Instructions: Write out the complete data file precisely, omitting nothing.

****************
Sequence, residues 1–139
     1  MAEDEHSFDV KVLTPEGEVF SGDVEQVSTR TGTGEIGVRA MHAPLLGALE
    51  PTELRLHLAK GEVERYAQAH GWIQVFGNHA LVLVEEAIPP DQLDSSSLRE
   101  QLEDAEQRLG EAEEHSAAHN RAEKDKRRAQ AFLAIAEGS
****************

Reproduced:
Sequence, residues 1–139
     1  MAEDEHSFDV KVLTPEGEVF SGDVEQVSTR TGTGEIGVRA MHAPLLGALE
    51  PTELRLHLAK GEVERYAQAH GWIQVFGNHA LVLVEEAIPP DQLDSSSLRE
   101  QLEDAEQRLG EAEEHSAAHN RAEKDKRRAQ AFLAIAEGS